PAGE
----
Stepping up and challenging ‘anti-aging’

Editor’s Note: This guest post by contributor Marc Blesoff originally appeared on, where he is a columnist. It is republished here with his permission.

Extra!!  Extra!!  Read all about it! — The Who, “Tommy”

I’d never even heard of Allure magazine. It is a leading, sophisticated advertising package for cosmetics, fashion, perfume, hair, etc. Flipping through the pages, one notices Chanel, Ralph Lauren, Lancome, Neutrogena, L’Oreal, and all the heavy hitters in the amazing, billion-dollar beauty industry.

I was in CVS, wearing beat-up sandals, dirty cut-offs and a stained T-shirt, unshaven, buying cough syrup. I saw the magazine cover at the checkout. I bought the magazine — not for hair-styling tips or shampoo recommendations or Botox ads. Right there in CVS the cover screamed out the words “The end of anti-AGING, our call to the industry.”

This is like Car and Driver magazine promoting only green sustainable energy. Or the AMA Journal supporting Medicare-for-All. Or the NRA newsletter agreeing that 150-round clips and silencers sold at 7-11 is not healthy for our communities.

About 30 pages inside this very slick magazine I found the statement written by Michelle Lee, editor in chief: “Changing the way we think about aging starts with changing the way we talk about aging. With that in mind, and starting with this issue, we are making a resolution to stop using the term ‘anti-aging.’ Whether we know it or not, we’re subtly reinforcing the message that aging is a condition we need to battle — think anti-anxiety meds, antivirus software, or anti-fungal spray.”

I ask: What is “anti-aging” anyway? Pro-death?

I’ve written here previously about what Dr. Bill Thomas terms “the tyranny of still.” When referring to olders, the comment “Oh my, you still look so good” or “look at you, still sharp as a tack” or how about when we talk down to olders or raise our volume to help them understand or call them “honey” or “sweetie.”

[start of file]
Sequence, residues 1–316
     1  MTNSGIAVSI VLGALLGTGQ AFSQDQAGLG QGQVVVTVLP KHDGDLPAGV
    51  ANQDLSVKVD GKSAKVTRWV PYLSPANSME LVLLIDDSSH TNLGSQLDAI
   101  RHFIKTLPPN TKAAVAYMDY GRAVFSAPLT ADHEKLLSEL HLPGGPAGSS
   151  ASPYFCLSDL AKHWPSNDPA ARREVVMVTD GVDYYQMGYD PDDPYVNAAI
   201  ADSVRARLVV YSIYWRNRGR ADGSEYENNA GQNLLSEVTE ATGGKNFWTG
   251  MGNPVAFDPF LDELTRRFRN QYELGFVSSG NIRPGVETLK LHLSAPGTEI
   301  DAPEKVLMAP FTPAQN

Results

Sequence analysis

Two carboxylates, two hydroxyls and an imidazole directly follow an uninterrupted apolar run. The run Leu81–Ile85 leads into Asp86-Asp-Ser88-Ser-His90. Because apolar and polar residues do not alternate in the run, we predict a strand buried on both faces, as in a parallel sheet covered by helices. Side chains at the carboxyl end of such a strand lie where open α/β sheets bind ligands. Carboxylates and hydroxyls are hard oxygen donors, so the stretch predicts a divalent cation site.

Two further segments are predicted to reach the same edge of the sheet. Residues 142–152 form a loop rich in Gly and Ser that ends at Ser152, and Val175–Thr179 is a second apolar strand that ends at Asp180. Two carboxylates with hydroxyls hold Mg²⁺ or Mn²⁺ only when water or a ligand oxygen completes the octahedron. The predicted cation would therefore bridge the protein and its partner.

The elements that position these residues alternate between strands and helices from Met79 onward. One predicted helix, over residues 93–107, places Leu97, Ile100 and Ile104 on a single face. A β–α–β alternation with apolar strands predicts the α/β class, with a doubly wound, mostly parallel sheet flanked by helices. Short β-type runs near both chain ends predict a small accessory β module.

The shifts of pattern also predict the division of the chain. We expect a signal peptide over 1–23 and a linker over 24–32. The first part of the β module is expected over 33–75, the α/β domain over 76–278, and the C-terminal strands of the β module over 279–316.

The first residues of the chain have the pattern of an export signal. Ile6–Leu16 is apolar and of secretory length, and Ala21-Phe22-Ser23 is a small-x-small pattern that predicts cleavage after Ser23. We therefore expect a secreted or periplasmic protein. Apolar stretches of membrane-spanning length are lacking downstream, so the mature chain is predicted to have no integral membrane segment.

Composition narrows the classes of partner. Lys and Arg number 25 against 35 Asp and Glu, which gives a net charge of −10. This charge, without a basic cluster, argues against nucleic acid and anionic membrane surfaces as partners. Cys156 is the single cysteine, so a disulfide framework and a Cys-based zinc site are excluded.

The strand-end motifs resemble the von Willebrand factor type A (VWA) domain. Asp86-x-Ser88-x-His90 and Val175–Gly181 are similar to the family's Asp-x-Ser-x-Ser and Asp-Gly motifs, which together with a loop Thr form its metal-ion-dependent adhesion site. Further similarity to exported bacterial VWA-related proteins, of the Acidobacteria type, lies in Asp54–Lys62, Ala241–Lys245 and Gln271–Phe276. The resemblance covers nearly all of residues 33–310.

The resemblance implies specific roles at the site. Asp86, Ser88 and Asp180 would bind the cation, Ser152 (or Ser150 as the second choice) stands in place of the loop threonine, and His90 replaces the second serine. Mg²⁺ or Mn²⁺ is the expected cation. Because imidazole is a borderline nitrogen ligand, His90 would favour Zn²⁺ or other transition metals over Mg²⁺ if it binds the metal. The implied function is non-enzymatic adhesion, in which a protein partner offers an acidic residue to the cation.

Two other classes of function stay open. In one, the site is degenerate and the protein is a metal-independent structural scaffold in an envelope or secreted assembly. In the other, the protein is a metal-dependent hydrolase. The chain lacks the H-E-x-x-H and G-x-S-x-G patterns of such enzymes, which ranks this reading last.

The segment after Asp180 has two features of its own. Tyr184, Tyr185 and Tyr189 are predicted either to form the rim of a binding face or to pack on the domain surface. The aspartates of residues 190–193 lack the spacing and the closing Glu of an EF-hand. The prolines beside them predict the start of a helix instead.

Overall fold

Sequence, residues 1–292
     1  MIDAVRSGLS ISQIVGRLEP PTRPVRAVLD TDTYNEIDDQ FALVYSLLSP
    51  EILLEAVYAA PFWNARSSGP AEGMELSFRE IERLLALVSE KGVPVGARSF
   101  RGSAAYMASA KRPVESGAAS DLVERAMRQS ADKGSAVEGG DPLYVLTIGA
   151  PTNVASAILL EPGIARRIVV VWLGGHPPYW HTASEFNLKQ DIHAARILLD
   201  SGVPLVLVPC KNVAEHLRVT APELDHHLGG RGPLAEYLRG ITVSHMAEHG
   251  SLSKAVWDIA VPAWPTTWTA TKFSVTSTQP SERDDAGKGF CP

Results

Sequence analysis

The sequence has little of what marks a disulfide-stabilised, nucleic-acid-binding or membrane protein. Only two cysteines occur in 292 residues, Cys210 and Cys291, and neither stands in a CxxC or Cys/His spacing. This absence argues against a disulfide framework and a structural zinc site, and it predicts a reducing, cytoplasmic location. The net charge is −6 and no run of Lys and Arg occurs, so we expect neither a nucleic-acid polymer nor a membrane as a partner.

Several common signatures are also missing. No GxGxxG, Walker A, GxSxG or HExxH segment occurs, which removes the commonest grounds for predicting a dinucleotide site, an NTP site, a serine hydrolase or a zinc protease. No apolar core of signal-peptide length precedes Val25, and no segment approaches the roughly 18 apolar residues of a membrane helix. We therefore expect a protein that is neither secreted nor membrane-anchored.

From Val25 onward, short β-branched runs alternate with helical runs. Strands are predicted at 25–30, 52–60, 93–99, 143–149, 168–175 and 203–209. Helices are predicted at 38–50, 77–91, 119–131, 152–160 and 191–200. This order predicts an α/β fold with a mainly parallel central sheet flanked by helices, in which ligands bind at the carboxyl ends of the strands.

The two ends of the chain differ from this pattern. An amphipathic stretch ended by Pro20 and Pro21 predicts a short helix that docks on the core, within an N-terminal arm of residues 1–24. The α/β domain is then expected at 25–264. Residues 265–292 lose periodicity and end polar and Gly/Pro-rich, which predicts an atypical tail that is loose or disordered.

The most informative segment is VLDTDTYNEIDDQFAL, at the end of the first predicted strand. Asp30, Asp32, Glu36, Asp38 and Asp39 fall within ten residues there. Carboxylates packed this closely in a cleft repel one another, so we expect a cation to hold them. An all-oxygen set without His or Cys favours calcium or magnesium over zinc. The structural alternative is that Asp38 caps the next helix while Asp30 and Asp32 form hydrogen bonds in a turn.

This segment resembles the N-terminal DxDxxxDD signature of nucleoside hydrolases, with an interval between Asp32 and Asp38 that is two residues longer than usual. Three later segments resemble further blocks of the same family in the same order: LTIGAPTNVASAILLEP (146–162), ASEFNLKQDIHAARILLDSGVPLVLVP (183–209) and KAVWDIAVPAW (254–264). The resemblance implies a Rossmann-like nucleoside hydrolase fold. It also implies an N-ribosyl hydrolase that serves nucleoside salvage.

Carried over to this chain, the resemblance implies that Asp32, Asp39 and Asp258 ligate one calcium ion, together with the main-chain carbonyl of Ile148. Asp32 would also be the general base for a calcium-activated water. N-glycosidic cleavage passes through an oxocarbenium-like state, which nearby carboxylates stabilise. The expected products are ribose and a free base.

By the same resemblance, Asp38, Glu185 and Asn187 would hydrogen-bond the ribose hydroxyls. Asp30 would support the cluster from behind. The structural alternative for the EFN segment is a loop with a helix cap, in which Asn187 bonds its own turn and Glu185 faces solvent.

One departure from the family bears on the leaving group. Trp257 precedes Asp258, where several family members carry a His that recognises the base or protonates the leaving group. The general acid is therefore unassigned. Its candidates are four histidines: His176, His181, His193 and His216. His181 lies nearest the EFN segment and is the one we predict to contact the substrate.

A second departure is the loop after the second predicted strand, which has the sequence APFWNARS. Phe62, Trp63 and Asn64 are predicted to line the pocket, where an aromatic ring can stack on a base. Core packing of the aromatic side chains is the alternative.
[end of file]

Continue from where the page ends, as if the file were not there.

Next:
Michelle Lee writes, “Repeat after me: Growing older is a wonderful thing because it means that we get a chance, every day, to live a full, happy life. Language matters.”

She closes her statement with, “Major props to those who have already taken steps, and, to the rest of the beauty industry, we’re calling on you now: We know it’s not easy to change packaging and marketing overnight. But together we can start to change the conversation and celebrate the beauty in all ages.”

Kudos to Michelle Lee and Allure.

On another note, I recently read a terrific article by Elizabeth White titled, “Breaking the Reframe on Aging“.  One of White’s main points is that too many positive-aging advocates have yet to embrace affordability and access as core principles.

She queries, “Are we really reframing aging when so much of the focus is on the traits of the boomers at the top of the food chain with the resources and means to take care of themselves? Those who are still high-school skinny, free from joint pain, working easily in cool encore careers. What’s the reframe for the approximately 40 million boomers trying to scrape together the finances to survive the next 25 years?”

About Marc Blesoff 19 Articles
After thirty plus years as a criminal defense attorney, Marc has been facilitating Wise Aging and Conscious Aging Workshops. He is married forty-five years, and has three children and one grandchild. He is a founding member of Courageus and is currently the chairperson of the Oak Park, IL Aging-In-Place Commission.

1 Comment

  1. Love the message! Words create perspective and a visual; words having meaning. It ain’t our Bubbe’s world and as Boomers we can help change the narrative and I can still wear short skirts!!

What are your thoughts?

This site uses Akismet to reduce spam. Learn how your comment data is processed.